The Role of an Executor
The role of an executor in the administration of an estate carries with it serious responsibilities and the person or organisation appointed is responsible for ensuring that all assets are accounted for, all debts are paid, and that the beneficiaries receive their inheritance in accordance with the terms of the Will.
The following steps must be undertaken by the executor:
The Will may contain funeral instructions or there may be estate matters requiring urgent attention. It is important that you DO NOT clip, pin or attach anything to the Will as this may lead to significant legal complications when applying for probate.
The executor must file various legal documents at the Probate Registry, including the original Will, the death certificate, and a statement of all assets and liabilities as at the date of death of the deceased person. Until probate is granted by the Supreme Court, the executor does not have the legal authority to take any further action in terms of administering the estate.
The executor must collect and protect all of the property of the deceased person as soon as possible or practicable. This may involve putting valuables such as jewellery or paintings into storage, such as in secure storage with a bank, or investing surplus funds.
It is important to make sure all property (including valuable items such as cars or antique furniture) is insured, as the executor is liable for the security of all of the deceased person’s assets.
To confirm all assets and debts of the estate the executor must write to the deceased person’s financial institutions and insurance companies and relevant companies such as utilities providers. The executor will also search records to see if the deceased person owned any other assets (such as land which can be checked through the Lands Titles Office). It is also recommended that the executor prepare an inventory of household furniture and personal effects.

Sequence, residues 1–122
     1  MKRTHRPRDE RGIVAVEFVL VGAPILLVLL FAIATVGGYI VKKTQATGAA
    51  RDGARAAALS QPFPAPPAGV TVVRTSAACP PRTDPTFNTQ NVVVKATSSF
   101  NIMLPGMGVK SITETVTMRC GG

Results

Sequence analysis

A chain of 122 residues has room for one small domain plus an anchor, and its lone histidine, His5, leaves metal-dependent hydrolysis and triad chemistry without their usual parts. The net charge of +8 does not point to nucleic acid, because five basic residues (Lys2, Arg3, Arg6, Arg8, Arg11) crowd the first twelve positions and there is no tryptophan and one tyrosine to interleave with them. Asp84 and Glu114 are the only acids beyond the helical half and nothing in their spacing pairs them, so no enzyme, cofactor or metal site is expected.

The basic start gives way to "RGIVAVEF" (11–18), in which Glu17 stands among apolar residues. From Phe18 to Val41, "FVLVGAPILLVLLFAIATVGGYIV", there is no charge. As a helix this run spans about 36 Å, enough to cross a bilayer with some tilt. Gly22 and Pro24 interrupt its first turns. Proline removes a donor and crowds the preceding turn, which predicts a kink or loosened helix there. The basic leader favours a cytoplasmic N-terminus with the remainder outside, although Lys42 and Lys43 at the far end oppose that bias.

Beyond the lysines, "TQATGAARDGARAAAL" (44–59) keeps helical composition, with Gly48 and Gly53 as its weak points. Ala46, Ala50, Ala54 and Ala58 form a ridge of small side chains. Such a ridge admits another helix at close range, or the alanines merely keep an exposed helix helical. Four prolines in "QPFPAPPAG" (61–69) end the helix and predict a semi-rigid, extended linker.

All relevant government agencies (such as Centrelink and Veterans’ Affairs) must be notified of the death of the deceased person to ensure liabilities are discontinued and income (e.g. pensions) are stopped.
You must keep full and accurate records of all transactions (e.g. receipts for cash payments made and assets that have been transferred, including dates and amounts), from the date of the death of the deceased person to the conclusion of the administration.
Finally, if you become aware of further assets or liabilities after you have completed the administration, it will be your responsibility to administer them in the accordance with the instructions contained in the deceased person’s Will.
This means that all bank accounts in the deceased person’s name must be closed, and the executor may also need to sell or transfer shares, property, and collectables.
The executor must ensure that all of the deceased person’s debts, liabilities, and outstanding taxes are paid before any assets can be distributed to beneficiaries of their Will.
The deceased person’s taxation affairs need to be finalised. Personal income tax returns, up to the date of death, must be lodged, any estate taxation matters need to be attended to, and if relevant a trust taxation return prepared and lodged.
The executor is required to manage any issues relating to the sale or transfer of estate assets, and ensure beneficiaries are provided with any relevant capital gains tax information relating to assets that have been transferred or sold during the course of the administration of the deceased person’s estate.
Once payment of debts has been completed, the executor must then distribute any remaining assets according to the instructions in the deceased person’s Will. Distribution can only occur if there are no further claims against the estate and the following steps have been completed:
- The grant of probate has been received
- The executor has gathered all of the assets of the estate
- The executor has sold any assets, shares, or property as directed in the Will, or as needed to fulfil the requirements of the Will
- All debts and liabilities have been paid
- Where required, the final taxation return has been prepared and lodged, the Australian Taxation Office’s assessment has been received and either there is no tax bill, or if there is a tax bill it has been paid
Legacies, where specific sums of money are left to certain beneficiaries, are paid first, followed by specific bequests of personal effects, and finally cash or assets are transferred to the beneficiaries named in the Will.